ASME also has codes for sizing relief valves in process piping, but the rocket industry doesn’t have a particular specification. The aerospace industry does often draft their own specifications and requirements which follow good industrial practices and always include careful design and testing as part of proving the designs to be sufficient.

Another consideration beyond the static pressure in your pressure vessel is the temperature environment of the gases inside. Beyond the fact that higher temperatures from a thermodynamic standpoint create higher pressures, a burst disk relies on the material strength of the membrane and the yield and ultimate strength can weaken under higher temperatures. Some materials (examples are low quality steels) can also become weaker under cold temperatures. Always consider the full range of temperature environments in every application. It’s important to size each burst disk individually and resist the temptation to assume that one device will suit all environments.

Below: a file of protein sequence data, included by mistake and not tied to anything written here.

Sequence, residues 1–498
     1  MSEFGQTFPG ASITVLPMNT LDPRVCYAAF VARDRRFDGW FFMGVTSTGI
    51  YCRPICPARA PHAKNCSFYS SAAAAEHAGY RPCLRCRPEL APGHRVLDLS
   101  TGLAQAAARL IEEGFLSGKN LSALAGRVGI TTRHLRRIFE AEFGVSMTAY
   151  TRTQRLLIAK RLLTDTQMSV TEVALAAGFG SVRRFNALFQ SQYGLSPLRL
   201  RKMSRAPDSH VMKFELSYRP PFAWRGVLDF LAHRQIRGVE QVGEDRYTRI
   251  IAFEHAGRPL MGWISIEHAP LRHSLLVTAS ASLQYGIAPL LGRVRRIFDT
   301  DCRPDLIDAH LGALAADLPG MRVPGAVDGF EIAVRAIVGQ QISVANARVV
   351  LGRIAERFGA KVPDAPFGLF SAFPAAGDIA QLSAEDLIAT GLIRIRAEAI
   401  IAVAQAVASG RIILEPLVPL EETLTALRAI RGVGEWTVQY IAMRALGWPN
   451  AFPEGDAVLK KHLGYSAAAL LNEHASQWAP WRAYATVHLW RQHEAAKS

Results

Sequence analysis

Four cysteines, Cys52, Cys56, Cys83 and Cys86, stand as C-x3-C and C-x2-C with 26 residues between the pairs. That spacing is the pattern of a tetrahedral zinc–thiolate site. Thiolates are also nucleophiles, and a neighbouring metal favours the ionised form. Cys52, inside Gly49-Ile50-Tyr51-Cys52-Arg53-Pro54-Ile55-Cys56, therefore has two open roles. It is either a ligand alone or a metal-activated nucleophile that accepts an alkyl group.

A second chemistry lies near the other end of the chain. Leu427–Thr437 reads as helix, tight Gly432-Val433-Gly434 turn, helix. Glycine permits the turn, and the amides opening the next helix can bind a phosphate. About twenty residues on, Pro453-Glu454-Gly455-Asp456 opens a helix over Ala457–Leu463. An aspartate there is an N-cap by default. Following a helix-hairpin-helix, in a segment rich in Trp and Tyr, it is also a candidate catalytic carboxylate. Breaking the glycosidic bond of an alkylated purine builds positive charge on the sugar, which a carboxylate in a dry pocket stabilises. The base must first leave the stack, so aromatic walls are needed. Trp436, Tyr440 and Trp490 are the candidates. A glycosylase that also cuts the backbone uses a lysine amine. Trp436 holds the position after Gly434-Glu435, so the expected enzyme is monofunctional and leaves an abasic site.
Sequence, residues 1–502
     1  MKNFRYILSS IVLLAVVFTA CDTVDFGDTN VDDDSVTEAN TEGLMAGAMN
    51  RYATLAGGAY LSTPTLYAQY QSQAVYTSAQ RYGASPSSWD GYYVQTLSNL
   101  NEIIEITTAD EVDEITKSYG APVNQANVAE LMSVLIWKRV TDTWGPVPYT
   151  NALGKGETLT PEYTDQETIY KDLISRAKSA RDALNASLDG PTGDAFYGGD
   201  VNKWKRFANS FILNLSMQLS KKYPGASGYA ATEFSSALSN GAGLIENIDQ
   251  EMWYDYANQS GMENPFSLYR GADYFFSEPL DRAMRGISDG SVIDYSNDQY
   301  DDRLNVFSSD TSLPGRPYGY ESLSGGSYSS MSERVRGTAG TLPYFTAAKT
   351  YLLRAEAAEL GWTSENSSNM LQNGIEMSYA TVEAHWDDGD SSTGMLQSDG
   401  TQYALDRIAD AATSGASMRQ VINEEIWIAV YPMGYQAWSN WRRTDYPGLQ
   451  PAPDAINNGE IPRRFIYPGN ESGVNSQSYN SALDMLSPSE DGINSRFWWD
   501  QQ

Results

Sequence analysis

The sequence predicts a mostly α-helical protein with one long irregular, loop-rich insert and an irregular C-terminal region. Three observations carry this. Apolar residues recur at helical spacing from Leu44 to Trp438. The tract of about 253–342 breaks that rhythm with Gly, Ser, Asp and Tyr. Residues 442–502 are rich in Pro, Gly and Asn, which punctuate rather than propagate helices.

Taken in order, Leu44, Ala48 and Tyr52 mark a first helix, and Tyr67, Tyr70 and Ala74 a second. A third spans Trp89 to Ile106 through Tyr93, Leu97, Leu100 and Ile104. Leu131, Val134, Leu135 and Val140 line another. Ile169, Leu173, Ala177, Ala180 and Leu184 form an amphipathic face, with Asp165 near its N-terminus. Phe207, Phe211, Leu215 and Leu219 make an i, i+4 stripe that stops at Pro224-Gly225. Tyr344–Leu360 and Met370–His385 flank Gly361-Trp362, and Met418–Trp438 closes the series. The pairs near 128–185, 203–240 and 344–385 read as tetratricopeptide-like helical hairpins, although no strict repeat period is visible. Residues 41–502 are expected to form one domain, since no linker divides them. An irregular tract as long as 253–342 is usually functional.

There’s a big tolerance on a burst disk set pressure, so be aware of that imprecision. Burst disks are compact but getting a membrane to burst at an exact pressure is not really practical and thus these devices are not very precise.  Ask the manufacturer about the expected tolerance on any relief device. It’s also wise to test a few of these devices to measure the actual burst pressure. Make sure you are recording data because failure happens suddenly and you are unlikely to visually see the last pressure reading before burst. If you blink, you can miss the most important data point. Therefore, use a data acquisition system when testing your pressure relief devices.

(2) Minimum flow rate required

Any pressure relief device when activated must be able to drop pressure fast enough to avoid over-pressurizing and failing the pressure vessel. This is a less commonly evaluated situation but its equally important to recognize any scenarios where the transient pressure rise would challenge the relief flow rate needed to keep the pressure below a safe level at all times. Steam pressure systems have this problem and so do cryogenic vessels.  Most designers just choose a fitting similar in size to the lines being used, but this isn’t always accurate.